Also on Mon PM (4/20) another gale is to be falling southeast over the dateline producing northwest winds at 30-35 kts producing a small area of 23 ft seas at 46N 176.5E aimed southeast. On Tues AM (4/21) the gale is to be falling southeast fast producing northwest winds at 35-40 kts with seas 26 ft at 42N 179.5W aimed southeast. Fetch is to be fading in the evening from 30-35 kts with the gale tracking more easterly with seas 22 ft at 38N 174,5W targeting primarily Hawaii. Something to monitor.
On Sat AM (4/11) a gale developed mid-way to the dateline off North Japan producing west winds at 35-40 kts with seas building aimed east. In the evening the gale held position with 35-40 kt west winds and seas to 24 ft over a small area at 40N 171.5E aimed east. On Sun AM (4/12) the gale built some while easing east with 45 kt west winds and seas 29 ft at 44N 171E aimed east over a small area. Fetch was fading from 40 kts while easing east in the evening still not reaching even the dateline with seas 32 ft at 38N 170.5E aimed east. The gale was dissipating Mon AM (4/13) with west winds fading from 30-35 kts and seas 28 ft at 37.5N 176E aimed east. In the evening fetch is to fade from 30 kts from the northwest on the dateline with seas fading from 26 ft at 37N 178W. The gale dissipated from there. Possible small swell is to be radiating east targeting mainly Hawaii. Something to monitor.
North CA: Swell peaking Sat AM (4/18) pushing 4.0 ft @ 14-15 secs (5.5 ft). and still pretty inconsistent. Swell fading Sun AM (4/19) from 2.8 ft @ 13 secs (3.5 ft). Swell Direction: 290-298 degrees
Another small gale started building while pushing east off South Japan on Mon AM (4/13) with 35 kt west winds and seas on the increase. In the evening west winds built some at 35-40 kts over a small area with seas 26 ft at 33N 148E aimed east. The gale started lifting east-northeast on Tues AM (4/14) with 35-40 kt west winds over a small area and seas 27 ft at 34N 153E aimed east. The gale tracked east in the evening with 35-40 kt west winds and seas 31 ft at 35.5N 159E aimed east. On Wed AM (4/15) the gale continued east with a decent sized area of west winds at 35-40 kts with seas 32 ft at 36.5N 164E aimed east. In the evening the gale built some while lifting northeast producing a solid area of 40+ kt west winds and seas 32 ft at 40N 166E aimed east. On Thurs AM (4/16) the gale was approaching the dateline with 40 kt west winds and seas to 34 ft at 40.5N 171.5E aimed east. Fetch is to be dissipating in the evening on the dateline with west winds 35 kts and seas fading from 31 ft at 41N 177.5E aimed east. The gale to be dissipating Fri AM (4/17) producing 35 kt west winds and seas fading from 26 ft at 42.5N 179.5E. After that the gale is to be gone. Possible swell radiating towards Hawaii and the US West Coast.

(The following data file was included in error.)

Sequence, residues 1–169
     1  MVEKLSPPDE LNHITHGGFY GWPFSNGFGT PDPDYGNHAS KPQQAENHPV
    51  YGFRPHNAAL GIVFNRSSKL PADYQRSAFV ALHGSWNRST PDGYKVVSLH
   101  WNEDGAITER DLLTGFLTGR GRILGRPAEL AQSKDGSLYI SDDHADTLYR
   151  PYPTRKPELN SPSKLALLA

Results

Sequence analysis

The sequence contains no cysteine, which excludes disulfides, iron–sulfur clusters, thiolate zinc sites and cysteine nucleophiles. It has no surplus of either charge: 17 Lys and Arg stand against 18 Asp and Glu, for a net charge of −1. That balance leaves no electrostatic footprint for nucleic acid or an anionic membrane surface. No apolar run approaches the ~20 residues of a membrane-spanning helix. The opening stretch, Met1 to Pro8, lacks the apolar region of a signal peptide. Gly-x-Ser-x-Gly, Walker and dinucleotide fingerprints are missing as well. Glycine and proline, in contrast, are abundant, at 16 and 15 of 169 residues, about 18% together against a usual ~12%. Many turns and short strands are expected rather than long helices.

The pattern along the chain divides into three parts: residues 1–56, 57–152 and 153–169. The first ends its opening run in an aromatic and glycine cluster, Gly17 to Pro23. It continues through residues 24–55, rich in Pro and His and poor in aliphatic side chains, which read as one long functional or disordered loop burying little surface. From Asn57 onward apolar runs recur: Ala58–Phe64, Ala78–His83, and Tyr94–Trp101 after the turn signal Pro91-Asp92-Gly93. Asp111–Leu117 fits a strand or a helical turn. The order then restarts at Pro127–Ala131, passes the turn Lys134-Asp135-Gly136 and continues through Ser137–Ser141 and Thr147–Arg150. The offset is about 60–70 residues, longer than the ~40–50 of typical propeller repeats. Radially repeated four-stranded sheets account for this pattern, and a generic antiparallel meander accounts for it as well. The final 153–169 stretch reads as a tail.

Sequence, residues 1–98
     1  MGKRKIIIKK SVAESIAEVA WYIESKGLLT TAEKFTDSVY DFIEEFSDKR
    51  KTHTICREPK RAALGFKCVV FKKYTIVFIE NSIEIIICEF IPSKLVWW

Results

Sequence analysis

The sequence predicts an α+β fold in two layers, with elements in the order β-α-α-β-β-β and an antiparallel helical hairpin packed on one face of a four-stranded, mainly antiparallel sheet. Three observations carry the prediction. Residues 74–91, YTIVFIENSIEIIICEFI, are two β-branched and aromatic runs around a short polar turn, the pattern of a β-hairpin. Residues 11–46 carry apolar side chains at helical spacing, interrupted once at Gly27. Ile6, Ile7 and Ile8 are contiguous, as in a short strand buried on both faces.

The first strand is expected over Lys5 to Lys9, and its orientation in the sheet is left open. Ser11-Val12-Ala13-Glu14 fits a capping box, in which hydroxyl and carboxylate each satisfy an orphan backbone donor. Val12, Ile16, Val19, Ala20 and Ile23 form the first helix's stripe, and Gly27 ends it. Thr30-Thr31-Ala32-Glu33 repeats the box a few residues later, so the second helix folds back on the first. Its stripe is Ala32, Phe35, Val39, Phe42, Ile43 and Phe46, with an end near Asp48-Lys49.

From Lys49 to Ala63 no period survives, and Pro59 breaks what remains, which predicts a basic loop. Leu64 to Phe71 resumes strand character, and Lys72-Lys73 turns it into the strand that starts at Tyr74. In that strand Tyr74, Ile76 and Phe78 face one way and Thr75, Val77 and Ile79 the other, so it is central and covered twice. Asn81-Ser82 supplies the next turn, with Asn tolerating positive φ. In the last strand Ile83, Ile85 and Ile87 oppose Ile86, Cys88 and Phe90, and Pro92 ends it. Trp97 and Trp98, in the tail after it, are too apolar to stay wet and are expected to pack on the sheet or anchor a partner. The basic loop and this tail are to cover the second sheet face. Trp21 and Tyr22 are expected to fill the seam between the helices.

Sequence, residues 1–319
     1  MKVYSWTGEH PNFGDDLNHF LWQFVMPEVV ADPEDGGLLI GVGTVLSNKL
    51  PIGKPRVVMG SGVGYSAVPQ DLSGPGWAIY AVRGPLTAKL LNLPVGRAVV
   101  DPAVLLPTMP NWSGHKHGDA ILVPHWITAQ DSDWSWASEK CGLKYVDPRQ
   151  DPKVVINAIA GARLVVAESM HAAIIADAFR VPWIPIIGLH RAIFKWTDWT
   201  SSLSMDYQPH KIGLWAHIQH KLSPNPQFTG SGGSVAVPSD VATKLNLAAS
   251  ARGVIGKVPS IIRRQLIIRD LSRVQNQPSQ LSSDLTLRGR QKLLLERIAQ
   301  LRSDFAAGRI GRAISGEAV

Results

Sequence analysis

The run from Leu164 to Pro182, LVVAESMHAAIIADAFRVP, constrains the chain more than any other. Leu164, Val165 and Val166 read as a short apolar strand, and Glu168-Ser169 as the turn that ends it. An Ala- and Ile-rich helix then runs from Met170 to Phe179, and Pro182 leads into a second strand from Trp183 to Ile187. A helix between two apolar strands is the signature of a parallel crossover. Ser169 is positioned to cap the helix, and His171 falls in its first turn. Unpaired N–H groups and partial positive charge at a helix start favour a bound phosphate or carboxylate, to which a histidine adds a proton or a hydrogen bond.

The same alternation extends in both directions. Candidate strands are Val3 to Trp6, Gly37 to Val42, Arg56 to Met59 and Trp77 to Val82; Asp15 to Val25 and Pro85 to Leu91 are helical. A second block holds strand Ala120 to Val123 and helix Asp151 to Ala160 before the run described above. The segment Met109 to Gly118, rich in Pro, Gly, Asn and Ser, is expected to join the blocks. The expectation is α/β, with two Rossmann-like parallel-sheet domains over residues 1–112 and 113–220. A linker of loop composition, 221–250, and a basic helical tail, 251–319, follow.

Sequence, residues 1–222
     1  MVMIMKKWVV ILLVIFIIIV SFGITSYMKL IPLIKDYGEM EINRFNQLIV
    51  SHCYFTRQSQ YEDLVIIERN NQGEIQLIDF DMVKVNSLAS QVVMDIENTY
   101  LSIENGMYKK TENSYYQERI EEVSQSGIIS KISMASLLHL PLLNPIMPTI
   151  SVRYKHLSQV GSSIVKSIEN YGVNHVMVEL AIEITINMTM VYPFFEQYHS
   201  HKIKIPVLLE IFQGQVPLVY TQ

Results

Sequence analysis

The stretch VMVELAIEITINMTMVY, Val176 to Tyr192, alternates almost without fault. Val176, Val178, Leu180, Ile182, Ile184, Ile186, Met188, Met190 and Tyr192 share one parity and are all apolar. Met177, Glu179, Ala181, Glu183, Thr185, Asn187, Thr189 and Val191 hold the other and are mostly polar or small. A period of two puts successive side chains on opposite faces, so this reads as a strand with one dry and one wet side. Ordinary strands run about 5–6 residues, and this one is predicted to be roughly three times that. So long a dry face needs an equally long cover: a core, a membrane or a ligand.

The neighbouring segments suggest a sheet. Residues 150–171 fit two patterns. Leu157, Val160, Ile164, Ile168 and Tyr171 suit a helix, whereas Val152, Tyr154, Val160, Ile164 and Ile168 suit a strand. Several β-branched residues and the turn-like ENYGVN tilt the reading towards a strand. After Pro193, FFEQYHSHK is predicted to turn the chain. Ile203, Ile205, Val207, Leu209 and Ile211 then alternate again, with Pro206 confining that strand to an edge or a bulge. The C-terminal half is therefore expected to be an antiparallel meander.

Oahu: Swell arrival on Sat (4/18) with swell building to 5.6 ft @ 15-16 secs later (8.5 ft). Swell fading Sun AM (4/19) from 6.5 ft @ 14-15 secs (9.5 ft). Residuals on Mon AM (4/20) fading from 4.9 ft @ 12-13 secs (6.0 ft). Maybe some lingering energy on Tues AM (4/21) fading from 5.6 ft @ 11-12 secs (6.0 ft). Swell Direction: 298-313 degrees with most energy from 312 degrees
North CA: Expect swell arrival on Mon (4/20) building to 4.0 ft @ 17-18 secs late (7.0 ft). Swell peaking on Tues (4/21) at 5.0 ft @ 16 secs early (8.0 ft). Swell fading on Wed (4/22) from 3.8 ft @ 14 secs (5.0 ft). Swell Direction: 293-296 degrees
North Pacific Animations: Jetstream - Surface Pressure/Wind - Sea Height - Surf Height
No tropical systems of interest are being monitored.
California Nearshore Forecast
On Saturday (4/18) generally light winds from the southwest are forecast for the entire coast holding all day. Light snow possible for the Central Sierra mid-day. On Sun (4/19) winds to turn light northwest. Light rain possible for the Sierra Saturday and Sunday afternoon and early evening. On Mon (4/20) weak high pressure is to be building just off Central CA producing a weak northerly flow over North and Central CA early building to 10-15 kts later for both North and Central CA. Light snow for the Central Sierra late afternoon. On Tues (4/21) a gradient is to building with northwest winds 15-20 kts over North CA and 15-20 kts from Big Sur southward building to 15 kts up north and 20+ kts over Central CA. On Wed (4/22) no real change is forecast with northwest winds 10-15 kts for North CA early and 20 kts for Central CA holding all day. Rain expected for North CA during the day. Thurs (4/23) the gradient is to build solidly with north winds 20-25 kts for all of North and Central CA pushing near 30 kts in the afternoon. No precip forecast. Fri (4/24) northwest winds to be 20-25 kts for all of North and Central CA holding all day. On Sat (4/25) northwest winds to be 15-20 kts for all of North and Central CA fading to 15 kts for North CA later and 10 kts for Central CA.
Total snow accumulation for the week for Squaw Valley, Sugar Bowl, Kirkwood and Mammoth at 1, 1, 3 and 1 inches respectively.
Snow Models: http://www.stormsurf.com/mdls/menu_snow.html (Scroll down for resort specific forecasts). Updated!